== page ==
The C64, one of the best-selling computers ever, was launched in the early '80s alongside classic home computer systems such as the BBC Micro model B and the Sinclair Spectrum. Today the brand is kept alive by some 6 million enthusiasts in a vibrant online community.
When Tulip announced the license deal with Ironstone last week, user groups were up in arms, fearing that the new owners would threaten legal action and shut them down in an attempt to drive traffic and sales to "official" resources.
Darren Melbourne, creative director at Ironstone, admits that a subscription-based portal is in the cards, but he is keen to convey to the C64 community that Ironstone is not their enemy.
"We want to become the guardian angel of the brand," said Melbourne, who first wanted to license the C64 brand in 1997. "We have a huge, dedicated fan base who are interested in keeping this machine alive. At some point in the future, we will probably offer a subscription model."
As part of the plan, Ironstone is also changing the C64 logo--trademarked logos play an important part in the protection of intellectual property and licensing. Melbourne said the logo had changed to differentiate between the old and new C64 products. "The Commodore and C64 logo has been slightly changed. It retains 90 percent familiarity with the old one, but it has been revised, and all new Commodore-branded Web sites and products will have the new logo."
Melbourne asserts that the only people that have to worry about legal action are those companies that are "abusing" the brand. "There are big companies on the high street selling C64 emulators and games, and they shouldn't be doing that. Those are the kind of people we are going to stop," said Melbourne, who is an ex-C64 developer and a regular visitor to the specialist sites.
"Am I going to close down sites like Lemon64 after they have put seven years of work into building the site? No way. I have been reading it for the past few years, and it is fantastic," he added.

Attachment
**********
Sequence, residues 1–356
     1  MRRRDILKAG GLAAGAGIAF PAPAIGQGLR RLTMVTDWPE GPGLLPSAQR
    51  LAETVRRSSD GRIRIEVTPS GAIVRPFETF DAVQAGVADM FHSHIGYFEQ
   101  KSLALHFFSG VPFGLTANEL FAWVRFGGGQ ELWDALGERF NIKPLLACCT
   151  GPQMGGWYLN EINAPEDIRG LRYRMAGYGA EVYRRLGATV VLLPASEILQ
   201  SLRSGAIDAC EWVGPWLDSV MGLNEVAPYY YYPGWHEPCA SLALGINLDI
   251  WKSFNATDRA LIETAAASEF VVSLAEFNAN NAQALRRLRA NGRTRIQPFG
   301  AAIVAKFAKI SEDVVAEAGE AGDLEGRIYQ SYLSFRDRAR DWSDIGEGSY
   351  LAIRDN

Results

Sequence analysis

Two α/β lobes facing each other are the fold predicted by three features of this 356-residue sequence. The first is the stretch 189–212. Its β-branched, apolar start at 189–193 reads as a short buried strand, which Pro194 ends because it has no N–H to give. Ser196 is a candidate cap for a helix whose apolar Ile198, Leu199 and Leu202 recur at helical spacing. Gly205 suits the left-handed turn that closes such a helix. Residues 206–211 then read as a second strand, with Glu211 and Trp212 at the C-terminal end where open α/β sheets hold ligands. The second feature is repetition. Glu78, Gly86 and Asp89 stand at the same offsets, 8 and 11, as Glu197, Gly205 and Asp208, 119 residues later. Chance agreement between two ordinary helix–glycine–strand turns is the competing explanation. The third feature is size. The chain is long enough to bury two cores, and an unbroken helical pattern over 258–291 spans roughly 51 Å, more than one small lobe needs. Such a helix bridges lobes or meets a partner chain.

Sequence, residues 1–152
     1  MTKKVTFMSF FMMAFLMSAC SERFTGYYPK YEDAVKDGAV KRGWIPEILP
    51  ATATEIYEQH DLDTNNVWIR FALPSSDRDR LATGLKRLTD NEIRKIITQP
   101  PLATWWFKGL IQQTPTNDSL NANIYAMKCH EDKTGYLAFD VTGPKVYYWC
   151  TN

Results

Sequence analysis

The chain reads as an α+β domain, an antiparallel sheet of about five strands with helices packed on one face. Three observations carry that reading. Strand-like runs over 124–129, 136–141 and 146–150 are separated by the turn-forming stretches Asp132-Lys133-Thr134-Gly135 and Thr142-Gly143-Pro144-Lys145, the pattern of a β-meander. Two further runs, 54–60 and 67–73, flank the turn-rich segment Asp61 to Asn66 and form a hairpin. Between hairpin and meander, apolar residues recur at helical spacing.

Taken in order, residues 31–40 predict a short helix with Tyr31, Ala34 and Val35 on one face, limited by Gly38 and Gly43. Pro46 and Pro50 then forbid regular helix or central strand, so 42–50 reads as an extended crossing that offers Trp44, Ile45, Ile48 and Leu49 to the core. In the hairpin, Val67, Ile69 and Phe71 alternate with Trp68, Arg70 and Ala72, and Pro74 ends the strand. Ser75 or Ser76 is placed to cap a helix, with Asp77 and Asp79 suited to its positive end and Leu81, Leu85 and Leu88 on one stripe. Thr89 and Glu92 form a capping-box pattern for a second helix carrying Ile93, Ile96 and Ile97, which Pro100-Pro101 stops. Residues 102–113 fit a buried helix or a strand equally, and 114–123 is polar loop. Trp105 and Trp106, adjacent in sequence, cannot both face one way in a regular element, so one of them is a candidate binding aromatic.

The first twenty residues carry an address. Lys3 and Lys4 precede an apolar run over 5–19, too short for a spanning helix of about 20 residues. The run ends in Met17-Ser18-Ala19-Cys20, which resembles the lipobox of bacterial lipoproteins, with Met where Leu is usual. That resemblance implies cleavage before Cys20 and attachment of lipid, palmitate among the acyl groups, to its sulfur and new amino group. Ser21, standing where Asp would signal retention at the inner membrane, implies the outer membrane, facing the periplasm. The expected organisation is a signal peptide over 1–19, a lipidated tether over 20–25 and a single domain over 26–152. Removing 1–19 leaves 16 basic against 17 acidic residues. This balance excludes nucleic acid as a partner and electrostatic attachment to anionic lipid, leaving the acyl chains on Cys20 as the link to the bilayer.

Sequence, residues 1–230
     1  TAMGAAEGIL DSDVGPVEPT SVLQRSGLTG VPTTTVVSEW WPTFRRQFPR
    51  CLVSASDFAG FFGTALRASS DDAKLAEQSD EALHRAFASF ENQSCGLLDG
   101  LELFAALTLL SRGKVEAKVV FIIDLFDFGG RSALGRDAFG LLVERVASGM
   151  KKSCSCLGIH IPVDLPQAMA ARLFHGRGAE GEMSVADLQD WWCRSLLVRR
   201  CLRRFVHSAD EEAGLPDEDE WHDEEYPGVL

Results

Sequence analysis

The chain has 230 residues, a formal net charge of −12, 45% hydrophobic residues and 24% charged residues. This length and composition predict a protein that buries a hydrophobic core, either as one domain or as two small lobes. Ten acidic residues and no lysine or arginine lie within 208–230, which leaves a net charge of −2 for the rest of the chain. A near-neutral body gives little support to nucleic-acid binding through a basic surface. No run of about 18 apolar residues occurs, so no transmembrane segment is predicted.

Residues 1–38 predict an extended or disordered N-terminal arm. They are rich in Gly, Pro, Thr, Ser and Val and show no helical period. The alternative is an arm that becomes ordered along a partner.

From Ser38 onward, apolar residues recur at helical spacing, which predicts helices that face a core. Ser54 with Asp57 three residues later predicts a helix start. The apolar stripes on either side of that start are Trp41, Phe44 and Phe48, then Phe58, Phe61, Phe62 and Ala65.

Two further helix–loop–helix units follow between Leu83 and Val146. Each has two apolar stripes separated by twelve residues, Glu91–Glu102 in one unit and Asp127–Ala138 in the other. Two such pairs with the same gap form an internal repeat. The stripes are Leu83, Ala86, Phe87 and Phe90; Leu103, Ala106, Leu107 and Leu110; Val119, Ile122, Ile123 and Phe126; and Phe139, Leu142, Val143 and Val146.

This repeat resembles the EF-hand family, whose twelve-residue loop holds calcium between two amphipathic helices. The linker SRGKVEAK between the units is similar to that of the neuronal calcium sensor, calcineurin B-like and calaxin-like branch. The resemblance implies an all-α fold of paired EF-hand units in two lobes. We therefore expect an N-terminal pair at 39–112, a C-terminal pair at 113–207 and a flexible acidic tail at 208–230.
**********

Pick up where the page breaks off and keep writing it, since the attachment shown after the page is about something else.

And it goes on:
Melbourne even hinted that Ironstone would somehow "help" sites that are struggling for survival. "Fan sites are inviting donations and having problems. Without them, the C64 would have died out 10 years ago, and our immediate goal is to try and help them."
Legal experts say Ironstone would have a problem on its hands if it did intend to take action against the C64 community because the Commodore brand has been left dormant for so long. Simon Briskman, communications and technology partner at law firm Olswang, said that because the name Commodore hasn't been traded under for a long time, "if other people have picked up the name and have been trading with it, (Ironstone) will not be able to enforce its rights."
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Briskman said that regardless of Ironstone's intentions, controlling the brand will not be clear-cut. "In an area where there are competing interests between the user groups and the company, I suspect they will have to get into a dialogue in every case," he said.
Melbourne said he is committed to ensuring that Ironstone and the new C64 portal will be friends with the existing community of fan sites.
"We have been around the block with this machine a few times--we were making games for it 20 years ago," he said. "So the very last thing we want to do now is make enemies."
Munir Kotadia of ZDNet UK reported from London.